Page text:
this sends a bad image to the public-it says that such officers are not

    any better than the inmates.

  • Sexual misconduct: It is hard to understand why staff becomes

    intimately involved with inmates for two reasons: first, it is against

    the law as most if not all states have criminal statutes against carnal

    knowledge of offenders in custody. Second, considering the lifestyle

    and the physical and mental health problems of inmates (intravenous

    drug use, alcohol abuse, mental health problems, communicable

    diseases, poor hygiene, etc.) why would any correctional staff member

    risk his or her health and well-being? There are some red flags that

    can clearly indicate that a staff member is heading down the “slippery

    slope” of sexual misconduct including: flirting with inmates, neglecting

    duties to socialize with inmates, absences off post for long periods of

    time, accepting and sending notes to inmates, accepting gifts from

    inmates, coming in on days off to see an inmate, calling inmates by

    nicknames, inmates using the staff member’s first name, getting overly

    “made up”, or being seen in out of the way areas with an inmate. I am

    sure that you can think of others. It is important to have blunt, plain

    talks to staff about sexual misconduct, combined with a warning about

    criminal charges, disciplinary action and termination from the job. In

    other words-a zero tolerance policy must be in place.

  • Violence Against Inmates: This “smell” will arise when the public

    reads about jail officers injuring inmates through physical beatings

    and misuse of restraints. According to Ross-and it makes sense-most

    violent acts against inmates by correctional staff are psychological.

    These include: tearing up mail, searching more often than necessary,

    denying privileges, etc., all showing the inmates “who is in charge”.

    When this attitude turns physical-trouble results. In class, I discuss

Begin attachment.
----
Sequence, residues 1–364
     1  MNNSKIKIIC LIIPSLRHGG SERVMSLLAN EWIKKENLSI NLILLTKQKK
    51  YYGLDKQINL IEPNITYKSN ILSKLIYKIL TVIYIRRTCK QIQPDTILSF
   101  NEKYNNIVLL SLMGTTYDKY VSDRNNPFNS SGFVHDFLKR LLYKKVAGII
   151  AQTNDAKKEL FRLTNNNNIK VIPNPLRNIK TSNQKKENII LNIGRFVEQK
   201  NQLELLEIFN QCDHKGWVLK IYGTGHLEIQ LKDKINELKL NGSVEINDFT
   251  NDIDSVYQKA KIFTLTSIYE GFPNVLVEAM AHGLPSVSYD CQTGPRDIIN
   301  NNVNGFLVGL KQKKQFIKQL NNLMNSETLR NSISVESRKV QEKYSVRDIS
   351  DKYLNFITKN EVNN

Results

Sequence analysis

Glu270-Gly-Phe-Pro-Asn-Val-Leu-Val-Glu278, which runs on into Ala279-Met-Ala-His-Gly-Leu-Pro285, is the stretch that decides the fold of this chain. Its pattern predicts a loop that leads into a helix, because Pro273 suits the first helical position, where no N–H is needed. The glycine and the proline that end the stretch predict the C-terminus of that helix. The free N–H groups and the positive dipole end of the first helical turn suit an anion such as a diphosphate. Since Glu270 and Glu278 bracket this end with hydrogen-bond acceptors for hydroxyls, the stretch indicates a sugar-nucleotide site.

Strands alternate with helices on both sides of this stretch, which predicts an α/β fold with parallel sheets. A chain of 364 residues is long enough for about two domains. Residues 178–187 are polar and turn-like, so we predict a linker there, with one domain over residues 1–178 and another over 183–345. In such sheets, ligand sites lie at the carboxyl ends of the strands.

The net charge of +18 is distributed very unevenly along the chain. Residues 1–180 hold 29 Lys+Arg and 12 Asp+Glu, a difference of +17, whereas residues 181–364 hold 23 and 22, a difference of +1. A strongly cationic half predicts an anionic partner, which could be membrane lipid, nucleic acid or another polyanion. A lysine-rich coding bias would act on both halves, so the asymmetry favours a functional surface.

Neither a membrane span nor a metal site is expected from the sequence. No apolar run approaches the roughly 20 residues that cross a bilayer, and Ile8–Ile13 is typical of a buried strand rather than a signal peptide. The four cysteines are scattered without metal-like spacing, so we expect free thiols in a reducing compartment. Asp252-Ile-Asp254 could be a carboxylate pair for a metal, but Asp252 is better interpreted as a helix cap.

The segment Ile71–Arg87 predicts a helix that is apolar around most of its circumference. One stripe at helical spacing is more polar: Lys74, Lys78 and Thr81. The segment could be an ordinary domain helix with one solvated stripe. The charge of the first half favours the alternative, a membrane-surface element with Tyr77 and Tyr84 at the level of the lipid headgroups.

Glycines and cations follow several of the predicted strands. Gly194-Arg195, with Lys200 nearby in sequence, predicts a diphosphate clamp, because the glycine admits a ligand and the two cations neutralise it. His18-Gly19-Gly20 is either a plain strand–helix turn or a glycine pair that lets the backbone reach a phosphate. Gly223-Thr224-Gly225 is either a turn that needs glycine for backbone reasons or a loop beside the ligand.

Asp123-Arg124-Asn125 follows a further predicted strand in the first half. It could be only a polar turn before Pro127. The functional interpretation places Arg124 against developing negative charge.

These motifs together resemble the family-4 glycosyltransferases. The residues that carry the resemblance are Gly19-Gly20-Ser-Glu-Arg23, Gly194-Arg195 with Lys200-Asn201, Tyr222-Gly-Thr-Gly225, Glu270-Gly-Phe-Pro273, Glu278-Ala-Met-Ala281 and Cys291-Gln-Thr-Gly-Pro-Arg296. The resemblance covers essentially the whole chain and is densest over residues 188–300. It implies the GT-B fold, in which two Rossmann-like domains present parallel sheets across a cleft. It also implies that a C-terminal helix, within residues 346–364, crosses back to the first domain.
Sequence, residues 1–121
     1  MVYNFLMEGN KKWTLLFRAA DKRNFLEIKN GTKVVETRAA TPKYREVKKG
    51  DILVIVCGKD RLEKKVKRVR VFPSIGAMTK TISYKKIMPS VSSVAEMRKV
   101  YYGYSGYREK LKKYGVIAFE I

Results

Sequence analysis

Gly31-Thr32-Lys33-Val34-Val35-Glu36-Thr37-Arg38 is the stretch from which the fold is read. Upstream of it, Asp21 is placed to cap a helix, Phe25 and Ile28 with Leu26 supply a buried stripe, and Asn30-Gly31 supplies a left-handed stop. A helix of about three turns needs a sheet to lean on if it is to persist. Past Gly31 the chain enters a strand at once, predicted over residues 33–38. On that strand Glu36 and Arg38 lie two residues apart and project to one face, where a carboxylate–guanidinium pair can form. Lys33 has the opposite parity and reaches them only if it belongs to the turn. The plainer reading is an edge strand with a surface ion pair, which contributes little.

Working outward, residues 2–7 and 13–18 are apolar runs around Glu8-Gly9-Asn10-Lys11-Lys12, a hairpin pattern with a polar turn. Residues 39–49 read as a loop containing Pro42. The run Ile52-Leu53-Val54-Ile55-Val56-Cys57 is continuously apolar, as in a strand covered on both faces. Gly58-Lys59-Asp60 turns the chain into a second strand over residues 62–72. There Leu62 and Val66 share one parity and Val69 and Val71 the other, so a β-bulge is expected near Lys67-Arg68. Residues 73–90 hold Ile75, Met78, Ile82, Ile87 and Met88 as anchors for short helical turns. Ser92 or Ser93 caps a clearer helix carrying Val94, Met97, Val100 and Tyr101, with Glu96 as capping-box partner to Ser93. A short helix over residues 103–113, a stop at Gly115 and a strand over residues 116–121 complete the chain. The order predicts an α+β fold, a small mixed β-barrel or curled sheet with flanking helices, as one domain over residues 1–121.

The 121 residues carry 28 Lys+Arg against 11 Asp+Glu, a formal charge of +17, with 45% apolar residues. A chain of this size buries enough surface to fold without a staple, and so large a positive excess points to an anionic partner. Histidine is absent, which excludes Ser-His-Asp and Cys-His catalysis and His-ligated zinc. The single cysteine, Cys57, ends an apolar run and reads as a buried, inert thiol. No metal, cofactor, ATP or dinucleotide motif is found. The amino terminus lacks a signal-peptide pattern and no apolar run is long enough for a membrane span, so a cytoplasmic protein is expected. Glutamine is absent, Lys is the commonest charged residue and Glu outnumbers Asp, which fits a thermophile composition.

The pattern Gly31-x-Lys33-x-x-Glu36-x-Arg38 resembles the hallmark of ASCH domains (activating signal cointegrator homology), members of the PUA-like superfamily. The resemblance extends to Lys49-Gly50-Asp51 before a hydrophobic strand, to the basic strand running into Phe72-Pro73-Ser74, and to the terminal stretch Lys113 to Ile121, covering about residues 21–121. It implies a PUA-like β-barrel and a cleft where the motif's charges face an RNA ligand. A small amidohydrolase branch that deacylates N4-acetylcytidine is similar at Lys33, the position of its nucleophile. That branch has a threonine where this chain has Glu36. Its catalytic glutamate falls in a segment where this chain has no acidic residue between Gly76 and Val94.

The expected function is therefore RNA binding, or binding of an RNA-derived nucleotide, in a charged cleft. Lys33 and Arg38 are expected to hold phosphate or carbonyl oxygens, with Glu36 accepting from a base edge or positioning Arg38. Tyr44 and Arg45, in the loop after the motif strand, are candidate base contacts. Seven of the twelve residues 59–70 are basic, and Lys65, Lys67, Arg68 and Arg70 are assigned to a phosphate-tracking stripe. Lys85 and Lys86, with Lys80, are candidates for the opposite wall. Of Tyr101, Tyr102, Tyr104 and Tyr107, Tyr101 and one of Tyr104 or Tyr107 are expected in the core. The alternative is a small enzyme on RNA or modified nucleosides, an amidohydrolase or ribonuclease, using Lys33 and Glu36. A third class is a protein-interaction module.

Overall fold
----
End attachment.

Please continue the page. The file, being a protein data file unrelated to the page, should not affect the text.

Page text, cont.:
examples of jail officers being criminally convicted and losing their

    careers and their freedom because of physically abusing inmates.

    One example is the Oklahoma jail officer who in 2012 pleaded guilty

    in federal court to excessive force, violating the civil rights of an

    inmate, falsifying records and making false statements to the FBI.

    The officer was 26 years old-and his law enforcement career is over

    (, 2012).

Oh-and let’s not forget this category: “Glued to the chair”: Jail inmates

will take advantage of staff laziness. Does your jail have officers that do

their required checks in a lazy, halfhearted manner? Does it appear that

they are “glued” to their post chair? Inmates will take such opportunities

of staff laziness to do several things, none that put the jail in a good light:

manufacture/smuggling of contraband, sexual and physical assault on other

inmates, work on escaping and unfortunately, suicide.

Is anyone in your jail paying attention to what staff is doing? Do we see

warning signs of some staff behaving in the ways I just described? Are

supervisors counseling officers, taking disciplinary action and communicating

to staff what will happen when they behave in such negative ways?

If you are a jail staff member and see the bad behaviors that have been

discussed in this article, you must let your supervisors know. Is the smell

going to get worse? Are you going to eliminate the source of the smell, or just

ignore it? If you ignore it, it will not go away.


  1. Former jailer pleads guilty to assault of inmate. May 17, 2012. Phoenix Staff

    Reports. (Accessed May

    19, 2012).

  2. Ross, Jeffrey Ian Ph.D. (2008). Special Problems in Corrections. Upper Saddle River:

    Pearson Prentice Hall.